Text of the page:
Group Representations and Characters

Def. (Group Representation) Let G be a group, and let V be a finite dimensional vector space.  Then a group representation of G is a homomorphism

\displaystyle \rho : G \to \text{GL}(V)

where \text{GL}(V) = \{ \text{linear isomorphisms } T: V \to V \}.  The group structure on \text{GL}(V) is given by function composition.

Note: for most of our applications, V = \mathbb{R}^3 or, perhaps \mathbb{R}^n or \mathbb{C}^n.  In the first case we will have

\displaystyle \text{GL}\left(\mathbb{R}^3\right) = \{ 3\,\times\,3 \text{ invertible matrices} \}.

This topic requires us to better (and more quickly!) understand homomorphisms, vector spaces, invertible matrices / vector space isomorphisms, and some other topics, too.  To get started on these, let’s consider the following exercises.

Problem 1.  Let G_1 and G_2 be groups (each with their own group operations), and suppose \varphi : G_1 \to G_2 is a group homomorphism.

(a) Prove that the kernel of \varphi, which is defined as

\displaystyle \text{ker}\varphi = \left\{ g \in G_1 : \varphi(g) = e_2 \right\},

(where e_2 is the identity element in G_2) is a sub-group of G_1.  (Recall that we do not have to check that G_1‘s multiplication is associative for the proposed group \text{ker}\varphi, but, instead we need to check that e_1 \in \text{ker}\varphi, that this set is closed under products and that it is closed under taking inverses).

(b) Let V = \mathbb{R}^n.  Explain why the function

\rho(g) = I_n \,\,\,

(for all g \in G and I_n is the n \times n identity matrix) is a representation of G.  Moreover, explain why this is called the trivial representation.

(c ) Prove that the image of \varphi, which is defined as

\displaystyle \text{im}\varphi = \left\{ \varphi(g) : g \in G_1 \right \} = \left\{y \in G_2 : \, \exists \, g \in G_1, \, \varphi(g) = y \right\},

is a subgroup of G_2.

Problem 2.  Consider two 2\times 2 matrices A, B \in \text{GL}\left(\mathbb{R}^2\right).  Prove that the trace is invariant under conjugation; that is, prove that

\text{tr}\left(B^{-1}\,A\,B\right) = \text{tr} A.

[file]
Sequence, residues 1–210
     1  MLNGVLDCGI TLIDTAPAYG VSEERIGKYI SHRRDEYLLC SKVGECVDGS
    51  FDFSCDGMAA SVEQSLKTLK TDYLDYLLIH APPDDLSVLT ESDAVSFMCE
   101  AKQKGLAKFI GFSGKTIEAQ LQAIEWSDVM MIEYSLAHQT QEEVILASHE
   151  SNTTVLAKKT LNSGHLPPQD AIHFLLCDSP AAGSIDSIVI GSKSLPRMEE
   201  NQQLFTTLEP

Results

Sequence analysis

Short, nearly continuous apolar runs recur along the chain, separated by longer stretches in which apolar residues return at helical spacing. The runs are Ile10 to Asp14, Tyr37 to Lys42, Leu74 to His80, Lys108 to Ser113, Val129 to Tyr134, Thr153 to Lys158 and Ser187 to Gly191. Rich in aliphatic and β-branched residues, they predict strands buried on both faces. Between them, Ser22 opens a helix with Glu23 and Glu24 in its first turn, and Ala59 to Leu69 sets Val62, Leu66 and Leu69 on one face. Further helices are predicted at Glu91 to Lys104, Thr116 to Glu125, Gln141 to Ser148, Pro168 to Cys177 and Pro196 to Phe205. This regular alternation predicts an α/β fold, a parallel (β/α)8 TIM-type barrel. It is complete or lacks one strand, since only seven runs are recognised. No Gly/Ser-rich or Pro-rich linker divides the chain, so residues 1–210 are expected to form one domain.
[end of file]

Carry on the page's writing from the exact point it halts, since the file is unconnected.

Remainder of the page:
Note: given the (relatively) small size of each matrix involved, this will likely be easiest to prove using an explicit formula for the inverse of a 2\times 2 matrix.

It is not too difficult to show that the property of traces for 2\times 2 matrices from Problem 2. also holds for traces of n \times n matrices — let us take this as a given for the time being.

Conjugating a given matrix, A, by a second matrix, B, to form the strange-looking product


is, from the point of view of Linear Algebra, a very natural process.  The new matrix that results from this so-called conjugation is said to be similar to the original matrix A, and it encodes much of the same information that the matrix A does.

In Linear Algebra, we learn to view such a conjugation process as a “change of basis” process.  This process works as follows:  Initially, the invertible transformation T :\mathbb{R}^n \to \mathbb{R}^n is represented by matrix A in terms of how T transforms the standard basis vectors \{\vec{e}_1, \vec{e}_2, \cdots, \vec{e}_n\}.  In particular, we have that

T \text{ is encoded by } A = \left[\begin{array}{cccc} \uparrow & \uparrow &  & \uparrow \\ T(\vec{e}_1) & T(\vec{e}_2) & \cdots & T(\vec{e}_n) \\ \downarrow & \downarrow &  & \downarrow \end{array}\right].

Next, the invertible matrix B^{-1} is used to create a new (usually non-standard) basis for \mathbb{R}^n given by \left \{ B^{-1}\vec{e}_1, B^{-1}\vec{e}_2, \cdots, B^{-1}\vec{e}_n\right\} = \left\{\vec{w}_1, \vec{w}_2, \cdots, \vec{w}_n\right\}.  We then build a matrix that encodes how the original transformation acts on \mathbb{R}^n by writing down how it transforms each new basis vector: